Thursday, November 15, 2007

Quick and dirty 'type' for Django's message model

In an earlier post I had mentioned using a 'flash' variable passed to templates as a mechanism for passing messages to users. Following an anonymous tip I started using user.message_set instead to pass messages. This mechanism makes use of Django's message model and is easy to use. However it does have a limitation. Messages cannot be assigned types - say, 'Error' or 'Success' or 'Warning'. This has been discussed at some length at the Django site. A design decision is awaited as the suggested changes will not be backward compatible.

In the meantime I needed message types for a pet application and came up with a quick and dirty way of providing some. Changes were required in three places: the view, where messages are created; the template which displays the messages and the style sheet used for styling the rendered templates.

The solution (did I say it was dirty?) involved prefixing a digit and a separator to all messages. The digit would indicate the type of message. I chose 0 to indicate success, 1 for warnings, 2 for errors etc. Corresponding styles were then created to appropriately style the messages.

Here is a sample view: The template looks something like this: There is a corresponding style sheet as well:

3 comments:

sriram said...

He hee :) Manoj, good to see you as the resident web expert! Here is a question. When I clicked on the book images posted by ravi in his blog, I was shown the full image with a very strange looking link on blogger.com (b1.blogger.com/....). I tried looking up b1.blogger.com. Non-existant. Would you care to explain more about those links?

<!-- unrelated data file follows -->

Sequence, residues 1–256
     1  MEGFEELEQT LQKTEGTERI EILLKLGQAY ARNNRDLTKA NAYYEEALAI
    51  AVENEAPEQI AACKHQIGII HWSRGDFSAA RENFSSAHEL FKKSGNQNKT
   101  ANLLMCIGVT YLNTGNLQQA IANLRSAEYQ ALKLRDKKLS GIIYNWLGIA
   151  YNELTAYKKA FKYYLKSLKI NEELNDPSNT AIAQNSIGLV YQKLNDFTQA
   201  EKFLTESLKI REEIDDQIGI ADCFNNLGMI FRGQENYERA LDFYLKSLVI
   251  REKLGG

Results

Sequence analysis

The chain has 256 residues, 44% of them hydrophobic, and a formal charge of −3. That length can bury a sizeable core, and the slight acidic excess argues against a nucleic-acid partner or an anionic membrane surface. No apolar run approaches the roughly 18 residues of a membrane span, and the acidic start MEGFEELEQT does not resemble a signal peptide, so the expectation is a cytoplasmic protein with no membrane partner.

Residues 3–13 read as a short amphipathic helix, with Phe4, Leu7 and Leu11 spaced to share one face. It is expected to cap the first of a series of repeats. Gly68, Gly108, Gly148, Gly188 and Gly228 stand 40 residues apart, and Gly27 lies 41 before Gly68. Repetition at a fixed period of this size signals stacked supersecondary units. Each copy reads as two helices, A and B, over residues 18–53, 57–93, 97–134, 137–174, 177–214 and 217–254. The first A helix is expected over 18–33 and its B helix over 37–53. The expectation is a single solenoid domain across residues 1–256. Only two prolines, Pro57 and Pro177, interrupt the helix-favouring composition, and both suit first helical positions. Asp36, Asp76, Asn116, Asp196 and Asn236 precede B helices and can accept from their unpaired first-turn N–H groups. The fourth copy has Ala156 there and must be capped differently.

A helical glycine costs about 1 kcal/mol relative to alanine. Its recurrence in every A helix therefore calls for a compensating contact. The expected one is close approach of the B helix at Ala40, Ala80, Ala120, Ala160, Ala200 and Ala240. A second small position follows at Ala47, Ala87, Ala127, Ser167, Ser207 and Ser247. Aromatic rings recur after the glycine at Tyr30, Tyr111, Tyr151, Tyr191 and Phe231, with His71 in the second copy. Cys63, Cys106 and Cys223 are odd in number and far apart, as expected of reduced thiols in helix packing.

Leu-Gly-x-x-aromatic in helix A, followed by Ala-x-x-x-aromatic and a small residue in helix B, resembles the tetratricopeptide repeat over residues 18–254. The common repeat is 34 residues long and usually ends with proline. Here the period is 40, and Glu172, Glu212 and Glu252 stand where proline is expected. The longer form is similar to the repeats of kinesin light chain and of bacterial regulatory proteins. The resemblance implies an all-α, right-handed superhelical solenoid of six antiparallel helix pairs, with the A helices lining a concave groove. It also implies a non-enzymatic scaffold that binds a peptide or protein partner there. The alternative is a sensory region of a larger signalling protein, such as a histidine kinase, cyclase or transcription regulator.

Manoj Govindan said...

Me, an expert? Bwahaha :P :P

I am not sure what exactly is happening. I'd venture a guess that the URL that you see on the address bar is created on the fly at the time of uploading the image and mapped to something else behind the scenes. Apparently the *exact* link matches some pattern where as combinations of the individual parts do not.

Btw did you notice that this link as well as this one point to the same book?

Gerard said...

Manoj, absolutely brilliant! really!

And for the people who want a more django-admin-like message. You can use these CSS directives:

#messages {
/* div position and layout */
}
#messages ul {
/* padding etc. for the list */
}
#messages ul li {
display:block;
/* and some color and layout stuff */
}

/* only left the color tag for readability */
#messages ul li.m0 { color: green; }
#messages ul li.m1 { color: yellow; }
#messages ul li.m2 { color: red; }

Happy coding!

Regards,

Gerard.